Kwang-Jui And The God Of The River
China is a land where the great masses of the people have to toil and struggle incessantly in order to obtain even the bare necessities of daily existence. Unnumbered multitudes never enjoy a sufficiency of food, but have to be contented with whatever Heaven may send them; and profoundly thankful they are when they can be sure of two meals a day to stave off the pangs of hunger from themselves and their children.
How many there are who cannot by the severest toil obtain even these two meals is evident from the organized beggar communities, which are to be found in connection with every great city in the Empire, and from the vast numbers of tramps, who wander over the country on the highways and byways with pale and sodden faces and with garments nearly falling to pieces, picking up a scanty livelihood from the benevolent as they pass from village to village.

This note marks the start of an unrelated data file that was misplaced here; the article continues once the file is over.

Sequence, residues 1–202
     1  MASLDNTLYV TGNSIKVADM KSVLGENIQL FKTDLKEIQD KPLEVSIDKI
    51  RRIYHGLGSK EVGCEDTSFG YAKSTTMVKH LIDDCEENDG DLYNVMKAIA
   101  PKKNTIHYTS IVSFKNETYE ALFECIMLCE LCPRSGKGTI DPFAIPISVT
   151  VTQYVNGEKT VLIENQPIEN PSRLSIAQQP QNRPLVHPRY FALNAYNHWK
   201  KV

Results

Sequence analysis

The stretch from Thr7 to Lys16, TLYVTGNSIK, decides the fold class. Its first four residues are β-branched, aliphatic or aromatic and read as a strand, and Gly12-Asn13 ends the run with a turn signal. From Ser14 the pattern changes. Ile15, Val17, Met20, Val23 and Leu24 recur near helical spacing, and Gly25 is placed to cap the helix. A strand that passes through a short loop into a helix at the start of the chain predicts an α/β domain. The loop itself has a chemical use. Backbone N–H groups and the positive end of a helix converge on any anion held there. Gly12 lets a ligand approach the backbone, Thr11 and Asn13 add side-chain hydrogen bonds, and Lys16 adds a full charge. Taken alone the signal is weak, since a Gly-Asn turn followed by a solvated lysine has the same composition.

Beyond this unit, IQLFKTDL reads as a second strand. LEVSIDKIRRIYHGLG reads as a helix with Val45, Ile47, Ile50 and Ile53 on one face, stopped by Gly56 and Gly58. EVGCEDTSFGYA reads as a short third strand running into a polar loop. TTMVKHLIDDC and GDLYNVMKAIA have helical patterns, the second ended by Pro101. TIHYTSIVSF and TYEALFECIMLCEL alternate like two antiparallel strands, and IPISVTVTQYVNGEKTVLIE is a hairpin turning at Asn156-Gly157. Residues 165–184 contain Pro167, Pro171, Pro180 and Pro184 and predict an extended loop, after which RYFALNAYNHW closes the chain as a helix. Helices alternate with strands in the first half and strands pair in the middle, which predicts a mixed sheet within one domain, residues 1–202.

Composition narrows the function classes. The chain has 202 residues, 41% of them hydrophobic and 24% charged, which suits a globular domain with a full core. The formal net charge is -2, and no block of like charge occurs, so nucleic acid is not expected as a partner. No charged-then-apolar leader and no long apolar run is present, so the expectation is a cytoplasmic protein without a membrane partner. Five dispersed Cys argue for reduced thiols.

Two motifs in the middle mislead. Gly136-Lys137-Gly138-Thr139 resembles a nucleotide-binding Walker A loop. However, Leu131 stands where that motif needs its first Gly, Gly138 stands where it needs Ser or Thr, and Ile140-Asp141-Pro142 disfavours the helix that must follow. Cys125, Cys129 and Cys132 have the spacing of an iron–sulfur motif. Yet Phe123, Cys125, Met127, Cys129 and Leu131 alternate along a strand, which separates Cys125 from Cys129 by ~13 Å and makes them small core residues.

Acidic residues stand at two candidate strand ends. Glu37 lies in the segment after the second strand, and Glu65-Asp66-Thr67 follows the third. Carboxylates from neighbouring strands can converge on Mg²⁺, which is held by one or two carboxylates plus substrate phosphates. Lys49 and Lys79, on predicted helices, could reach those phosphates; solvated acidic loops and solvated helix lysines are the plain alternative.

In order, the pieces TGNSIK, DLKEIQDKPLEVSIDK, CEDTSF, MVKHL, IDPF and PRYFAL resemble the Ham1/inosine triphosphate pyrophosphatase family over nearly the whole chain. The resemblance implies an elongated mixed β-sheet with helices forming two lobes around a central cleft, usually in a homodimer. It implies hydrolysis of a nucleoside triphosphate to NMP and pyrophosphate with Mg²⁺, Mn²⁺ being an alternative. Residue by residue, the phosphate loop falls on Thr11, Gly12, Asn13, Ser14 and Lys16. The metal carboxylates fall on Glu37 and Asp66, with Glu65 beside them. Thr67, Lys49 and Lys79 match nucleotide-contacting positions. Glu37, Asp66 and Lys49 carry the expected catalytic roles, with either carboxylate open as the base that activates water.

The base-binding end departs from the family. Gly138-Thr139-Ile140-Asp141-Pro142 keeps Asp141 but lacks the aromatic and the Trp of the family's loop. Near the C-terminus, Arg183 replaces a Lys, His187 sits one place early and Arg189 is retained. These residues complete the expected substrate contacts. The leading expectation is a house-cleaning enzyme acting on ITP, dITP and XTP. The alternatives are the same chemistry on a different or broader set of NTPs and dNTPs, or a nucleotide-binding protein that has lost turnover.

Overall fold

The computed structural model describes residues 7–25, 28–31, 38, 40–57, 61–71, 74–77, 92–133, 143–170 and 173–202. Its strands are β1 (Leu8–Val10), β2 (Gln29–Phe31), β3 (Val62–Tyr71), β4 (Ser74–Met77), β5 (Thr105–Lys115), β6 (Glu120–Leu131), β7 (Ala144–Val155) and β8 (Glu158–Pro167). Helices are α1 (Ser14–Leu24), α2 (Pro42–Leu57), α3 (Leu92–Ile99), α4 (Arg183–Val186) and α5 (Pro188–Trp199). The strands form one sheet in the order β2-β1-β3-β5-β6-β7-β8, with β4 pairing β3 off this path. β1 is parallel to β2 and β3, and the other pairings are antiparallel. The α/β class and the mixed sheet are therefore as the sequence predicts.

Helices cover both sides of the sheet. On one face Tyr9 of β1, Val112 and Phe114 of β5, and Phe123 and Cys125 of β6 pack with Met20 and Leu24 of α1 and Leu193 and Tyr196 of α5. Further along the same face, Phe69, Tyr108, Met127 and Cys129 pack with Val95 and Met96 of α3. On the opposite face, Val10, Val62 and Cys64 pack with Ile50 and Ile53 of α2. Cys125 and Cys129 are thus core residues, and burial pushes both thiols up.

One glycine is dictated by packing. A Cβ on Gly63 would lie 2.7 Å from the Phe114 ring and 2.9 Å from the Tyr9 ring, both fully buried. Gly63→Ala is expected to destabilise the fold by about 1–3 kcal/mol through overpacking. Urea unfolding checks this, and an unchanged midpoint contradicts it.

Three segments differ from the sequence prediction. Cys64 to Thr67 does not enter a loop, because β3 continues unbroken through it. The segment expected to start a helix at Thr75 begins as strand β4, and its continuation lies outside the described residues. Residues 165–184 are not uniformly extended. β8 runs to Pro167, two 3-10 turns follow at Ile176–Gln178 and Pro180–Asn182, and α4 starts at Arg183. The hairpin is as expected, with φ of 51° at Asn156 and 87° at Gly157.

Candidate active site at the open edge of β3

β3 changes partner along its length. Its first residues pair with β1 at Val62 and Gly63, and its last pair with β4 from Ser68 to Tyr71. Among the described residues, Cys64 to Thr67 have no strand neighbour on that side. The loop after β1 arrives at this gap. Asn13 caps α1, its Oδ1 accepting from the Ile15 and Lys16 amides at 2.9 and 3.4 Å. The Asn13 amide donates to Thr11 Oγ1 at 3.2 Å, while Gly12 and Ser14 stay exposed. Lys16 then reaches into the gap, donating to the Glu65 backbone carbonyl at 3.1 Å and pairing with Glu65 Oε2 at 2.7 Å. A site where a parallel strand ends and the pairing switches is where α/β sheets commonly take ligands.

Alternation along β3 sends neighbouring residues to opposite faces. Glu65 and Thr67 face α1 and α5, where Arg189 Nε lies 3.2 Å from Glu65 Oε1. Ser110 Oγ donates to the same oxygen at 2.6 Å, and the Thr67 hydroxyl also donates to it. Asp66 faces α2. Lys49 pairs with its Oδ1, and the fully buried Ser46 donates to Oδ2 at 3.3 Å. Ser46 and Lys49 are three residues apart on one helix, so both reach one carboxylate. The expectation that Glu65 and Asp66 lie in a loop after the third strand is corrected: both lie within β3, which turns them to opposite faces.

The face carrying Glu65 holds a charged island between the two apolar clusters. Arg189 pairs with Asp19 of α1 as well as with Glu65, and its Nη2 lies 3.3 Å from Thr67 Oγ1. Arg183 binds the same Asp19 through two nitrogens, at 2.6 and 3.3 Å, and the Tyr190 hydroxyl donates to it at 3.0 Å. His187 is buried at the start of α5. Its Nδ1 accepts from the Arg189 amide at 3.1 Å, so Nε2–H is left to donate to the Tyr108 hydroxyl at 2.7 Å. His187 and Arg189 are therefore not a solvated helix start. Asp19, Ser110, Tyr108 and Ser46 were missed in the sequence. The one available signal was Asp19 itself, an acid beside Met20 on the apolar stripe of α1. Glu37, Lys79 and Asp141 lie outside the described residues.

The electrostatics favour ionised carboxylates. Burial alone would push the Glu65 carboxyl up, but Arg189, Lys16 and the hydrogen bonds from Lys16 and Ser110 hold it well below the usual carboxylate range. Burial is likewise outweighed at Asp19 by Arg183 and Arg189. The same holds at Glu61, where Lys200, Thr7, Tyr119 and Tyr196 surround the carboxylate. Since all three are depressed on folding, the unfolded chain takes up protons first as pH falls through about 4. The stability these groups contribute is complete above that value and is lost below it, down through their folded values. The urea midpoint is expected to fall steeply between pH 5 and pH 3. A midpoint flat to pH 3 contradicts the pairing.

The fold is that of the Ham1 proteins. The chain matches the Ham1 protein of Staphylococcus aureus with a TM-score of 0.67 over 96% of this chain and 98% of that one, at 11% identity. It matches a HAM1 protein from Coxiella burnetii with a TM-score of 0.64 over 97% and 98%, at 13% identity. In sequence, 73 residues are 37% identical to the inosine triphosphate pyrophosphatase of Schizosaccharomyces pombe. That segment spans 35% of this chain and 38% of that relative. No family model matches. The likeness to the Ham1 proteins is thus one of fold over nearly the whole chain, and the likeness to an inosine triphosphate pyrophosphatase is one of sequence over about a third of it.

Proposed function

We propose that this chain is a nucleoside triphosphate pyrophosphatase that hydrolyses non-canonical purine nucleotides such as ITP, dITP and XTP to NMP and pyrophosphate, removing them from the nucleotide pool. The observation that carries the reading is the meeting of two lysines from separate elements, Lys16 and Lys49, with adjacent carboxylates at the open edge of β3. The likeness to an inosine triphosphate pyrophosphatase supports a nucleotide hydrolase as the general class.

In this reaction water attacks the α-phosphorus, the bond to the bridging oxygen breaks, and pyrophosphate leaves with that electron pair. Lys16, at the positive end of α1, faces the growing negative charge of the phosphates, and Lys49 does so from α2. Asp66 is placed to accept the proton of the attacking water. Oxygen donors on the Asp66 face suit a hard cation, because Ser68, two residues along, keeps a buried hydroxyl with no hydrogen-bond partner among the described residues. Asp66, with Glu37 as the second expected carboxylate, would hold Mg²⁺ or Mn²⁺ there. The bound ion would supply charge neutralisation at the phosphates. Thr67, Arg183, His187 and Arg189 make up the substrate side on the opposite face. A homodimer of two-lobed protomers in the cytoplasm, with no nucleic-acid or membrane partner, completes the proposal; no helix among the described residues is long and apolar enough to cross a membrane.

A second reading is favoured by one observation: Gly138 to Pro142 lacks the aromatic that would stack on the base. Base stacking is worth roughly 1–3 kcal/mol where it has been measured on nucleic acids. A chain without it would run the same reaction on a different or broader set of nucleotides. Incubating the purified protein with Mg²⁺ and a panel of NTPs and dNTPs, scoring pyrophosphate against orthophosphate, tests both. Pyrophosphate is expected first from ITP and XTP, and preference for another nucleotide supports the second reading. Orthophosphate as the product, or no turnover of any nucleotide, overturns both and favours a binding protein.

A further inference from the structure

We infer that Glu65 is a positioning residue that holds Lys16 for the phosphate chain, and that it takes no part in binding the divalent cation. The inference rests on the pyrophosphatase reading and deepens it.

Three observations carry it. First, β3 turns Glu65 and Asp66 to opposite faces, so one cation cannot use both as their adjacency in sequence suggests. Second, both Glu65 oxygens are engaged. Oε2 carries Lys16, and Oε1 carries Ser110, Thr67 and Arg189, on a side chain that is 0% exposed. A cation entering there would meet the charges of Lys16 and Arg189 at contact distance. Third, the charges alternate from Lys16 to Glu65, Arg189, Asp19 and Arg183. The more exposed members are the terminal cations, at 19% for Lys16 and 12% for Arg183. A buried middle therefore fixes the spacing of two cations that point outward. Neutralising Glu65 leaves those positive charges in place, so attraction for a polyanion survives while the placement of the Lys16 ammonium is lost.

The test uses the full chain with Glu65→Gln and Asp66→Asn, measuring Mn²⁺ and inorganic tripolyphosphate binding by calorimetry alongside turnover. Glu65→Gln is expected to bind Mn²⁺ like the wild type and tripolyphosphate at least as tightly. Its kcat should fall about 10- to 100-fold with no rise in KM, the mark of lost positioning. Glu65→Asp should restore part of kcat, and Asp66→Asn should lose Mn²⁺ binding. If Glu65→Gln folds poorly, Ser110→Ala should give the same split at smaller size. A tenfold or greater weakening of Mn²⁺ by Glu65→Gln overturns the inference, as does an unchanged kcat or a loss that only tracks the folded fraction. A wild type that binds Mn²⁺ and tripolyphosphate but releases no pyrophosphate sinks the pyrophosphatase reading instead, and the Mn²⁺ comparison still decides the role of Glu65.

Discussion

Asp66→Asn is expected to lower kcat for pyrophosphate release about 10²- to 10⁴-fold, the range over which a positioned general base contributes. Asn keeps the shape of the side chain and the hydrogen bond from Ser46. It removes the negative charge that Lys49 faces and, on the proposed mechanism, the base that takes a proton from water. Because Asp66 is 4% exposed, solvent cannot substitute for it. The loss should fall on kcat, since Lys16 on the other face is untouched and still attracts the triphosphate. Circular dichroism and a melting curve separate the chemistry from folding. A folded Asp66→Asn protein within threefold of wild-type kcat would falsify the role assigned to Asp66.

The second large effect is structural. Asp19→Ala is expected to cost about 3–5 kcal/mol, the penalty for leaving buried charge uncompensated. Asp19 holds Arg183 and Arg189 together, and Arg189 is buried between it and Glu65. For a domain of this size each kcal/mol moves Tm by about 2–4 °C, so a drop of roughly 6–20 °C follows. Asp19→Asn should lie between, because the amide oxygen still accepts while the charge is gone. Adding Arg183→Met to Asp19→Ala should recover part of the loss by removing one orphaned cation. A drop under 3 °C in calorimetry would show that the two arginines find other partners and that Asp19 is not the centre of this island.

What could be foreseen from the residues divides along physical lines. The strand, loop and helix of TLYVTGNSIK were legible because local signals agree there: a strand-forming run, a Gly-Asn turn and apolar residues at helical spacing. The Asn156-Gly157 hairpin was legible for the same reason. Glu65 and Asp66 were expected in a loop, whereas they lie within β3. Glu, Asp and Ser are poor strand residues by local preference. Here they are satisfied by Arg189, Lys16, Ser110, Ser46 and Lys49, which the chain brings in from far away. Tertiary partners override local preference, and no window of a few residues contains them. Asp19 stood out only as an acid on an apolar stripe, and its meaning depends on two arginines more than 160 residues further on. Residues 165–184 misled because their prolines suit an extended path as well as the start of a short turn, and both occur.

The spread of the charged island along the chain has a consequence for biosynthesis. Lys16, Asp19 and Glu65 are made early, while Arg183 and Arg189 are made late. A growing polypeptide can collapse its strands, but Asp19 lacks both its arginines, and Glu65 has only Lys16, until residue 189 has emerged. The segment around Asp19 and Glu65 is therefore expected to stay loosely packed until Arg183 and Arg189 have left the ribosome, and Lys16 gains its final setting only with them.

Whatever may be their inmost thoughts, the Chinese bear their terrible hardships and privations with a splendid heroism, with little complaining, with no widespread outbreaks of robbery, and with no pillaging of rice-shops and public granaries by organized mobs driven mad by hunger.
There is one beautiful feature about the Chinese that has been an important factor in steadying the nation. They are imbued with at least one great ideal, which touches their common life in every direction. Every man in the Empire, rich or poor, learned or unlearned, has a profound respect for what he calls Tien-Li, or Divine Righteousness. By this the Chinese judge all actions. It is the standard by which Kings and Princes and common people direct their conduct, whether in the highest affairs of state, or in the ordinary engagements of common every-day life.
In addition to this, the minds of the Chinese are filled with romance and poetry, so that to them the invisible world is peopled with fairies and all kinds of spirits, both good and bad, the former relieving in mysterious ways the dull greyness that sorrow and disaster often shed upon the lives of men.